Damned by sales trainers if they don’t prospect. Damned by vendors if they do.
Here’s a clue.
One gives you money. The other takes it from you.
Work it out, why don’t you?
So it’s sales trainers that could lose the attitude.
Agents that “don’t like this prospecting thing” and agents that are accused of “cowardice” have it more certain. They don’t need shaming. They don’t need motivating. They don’t need training in how to become the uninvited guest at the party.
“I know you’re not really surprised by this, but you and I don’t have a lot in common. With very few exceptions, the message you’re sharing across multiple social media channels, websites and traditional media is fast becoming the exact opposite of something I want to listen to.
This might have something to do with the fact that I find the language of constantly being sold to incredibly boring.” – Karen Smart.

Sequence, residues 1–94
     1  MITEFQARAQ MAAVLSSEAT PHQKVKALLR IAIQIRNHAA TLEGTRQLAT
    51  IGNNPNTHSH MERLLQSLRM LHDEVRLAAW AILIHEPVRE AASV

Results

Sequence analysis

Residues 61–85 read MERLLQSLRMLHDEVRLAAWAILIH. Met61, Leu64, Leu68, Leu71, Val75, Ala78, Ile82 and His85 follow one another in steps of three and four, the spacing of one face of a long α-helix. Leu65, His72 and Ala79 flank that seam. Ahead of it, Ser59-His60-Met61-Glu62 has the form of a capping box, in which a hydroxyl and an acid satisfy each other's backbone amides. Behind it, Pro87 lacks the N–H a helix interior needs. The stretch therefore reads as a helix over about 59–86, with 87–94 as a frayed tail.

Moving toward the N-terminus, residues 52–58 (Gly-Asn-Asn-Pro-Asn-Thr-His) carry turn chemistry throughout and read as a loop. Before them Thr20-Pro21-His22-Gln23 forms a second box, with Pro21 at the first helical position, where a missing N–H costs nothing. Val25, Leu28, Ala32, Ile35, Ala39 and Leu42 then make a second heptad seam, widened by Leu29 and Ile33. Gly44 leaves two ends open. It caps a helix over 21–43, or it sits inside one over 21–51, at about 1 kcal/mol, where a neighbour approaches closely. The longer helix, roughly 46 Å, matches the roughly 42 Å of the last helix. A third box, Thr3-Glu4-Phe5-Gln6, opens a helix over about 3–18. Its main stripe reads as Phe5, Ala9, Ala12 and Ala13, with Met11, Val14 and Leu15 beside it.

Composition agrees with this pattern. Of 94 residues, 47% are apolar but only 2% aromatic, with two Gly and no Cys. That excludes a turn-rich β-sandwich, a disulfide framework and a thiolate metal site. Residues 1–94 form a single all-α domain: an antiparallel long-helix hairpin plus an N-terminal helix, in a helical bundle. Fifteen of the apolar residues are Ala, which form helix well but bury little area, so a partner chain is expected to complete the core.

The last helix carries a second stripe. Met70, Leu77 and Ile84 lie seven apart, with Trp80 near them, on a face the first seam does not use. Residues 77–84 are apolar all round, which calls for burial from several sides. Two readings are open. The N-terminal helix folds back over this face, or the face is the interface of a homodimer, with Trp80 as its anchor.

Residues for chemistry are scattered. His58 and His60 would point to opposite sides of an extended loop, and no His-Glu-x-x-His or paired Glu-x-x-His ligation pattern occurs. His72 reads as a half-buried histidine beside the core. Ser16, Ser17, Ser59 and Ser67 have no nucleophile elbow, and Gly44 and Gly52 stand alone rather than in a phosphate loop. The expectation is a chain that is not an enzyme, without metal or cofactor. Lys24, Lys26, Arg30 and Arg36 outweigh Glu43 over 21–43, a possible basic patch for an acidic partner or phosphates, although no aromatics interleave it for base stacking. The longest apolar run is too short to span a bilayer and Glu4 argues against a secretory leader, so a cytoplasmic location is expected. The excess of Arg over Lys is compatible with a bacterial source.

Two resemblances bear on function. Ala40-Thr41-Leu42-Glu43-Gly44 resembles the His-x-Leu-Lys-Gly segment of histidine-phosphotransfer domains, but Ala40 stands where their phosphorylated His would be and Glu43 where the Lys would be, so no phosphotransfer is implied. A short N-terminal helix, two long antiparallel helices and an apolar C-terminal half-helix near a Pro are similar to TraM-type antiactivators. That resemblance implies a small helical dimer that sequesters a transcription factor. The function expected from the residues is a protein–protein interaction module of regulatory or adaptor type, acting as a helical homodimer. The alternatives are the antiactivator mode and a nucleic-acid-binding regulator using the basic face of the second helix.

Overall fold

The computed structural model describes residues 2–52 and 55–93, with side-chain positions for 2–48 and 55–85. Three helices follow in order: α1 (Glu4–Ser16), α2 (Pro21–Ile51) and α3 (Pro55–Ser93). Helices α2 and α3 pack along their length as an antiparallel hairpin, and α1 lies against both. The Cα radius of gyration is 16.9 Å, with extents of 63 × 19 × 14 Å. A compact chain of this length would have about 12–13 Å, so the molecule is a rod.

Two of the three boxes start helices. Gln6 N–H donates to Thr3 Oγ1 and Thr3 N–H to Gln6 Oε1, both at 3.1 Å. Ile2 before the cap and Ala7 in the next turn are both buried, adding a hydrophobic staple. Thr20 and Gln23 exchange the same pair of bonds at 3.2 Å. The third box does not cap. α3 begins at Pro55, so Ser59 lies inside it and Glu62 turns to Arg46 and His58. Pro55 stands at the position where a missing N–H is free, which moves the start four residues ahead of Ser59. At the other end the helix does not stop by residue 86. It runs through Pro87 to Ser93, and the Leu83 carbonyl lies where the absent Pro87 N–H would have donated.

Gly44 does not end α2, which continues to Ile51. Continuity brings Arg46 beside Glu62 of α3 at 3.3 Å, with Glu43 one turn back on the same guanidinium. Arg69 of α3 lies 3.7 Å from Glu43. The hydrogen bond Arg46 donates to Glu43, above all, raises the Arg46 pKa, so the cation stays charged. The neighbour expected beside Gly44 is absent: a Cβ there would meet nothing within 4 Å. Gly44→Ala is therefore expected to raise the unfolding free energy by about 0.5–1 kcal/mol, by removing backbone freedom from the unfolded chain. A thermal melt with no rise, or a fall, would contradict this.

Relationships are everywhere. It’s how we make sense of the world.
How do I, relate to You?
It takes effort. Something that many realtors/agents aren’t prepared to make. So, encouraged by the likes of Tom Ferry, Grant Cardone, Tom Panos, Mike Weinberg and Benjamin Dennehy, they take the easy option.
They hustle for their worth.
And wonder why they aren’t liked.
It’s either transactional, or relationship-driven.
“It’s in your moments of decision that your destiny is shaped”. Tony Robbins.
Thanks, as always for reading. Love to hear from you whether you agree, or not. My advice is always free.
And, if you’d like a simple notification when I next post, just complete the form on the home page. No emails, no sales calls, nothing. Just a notification.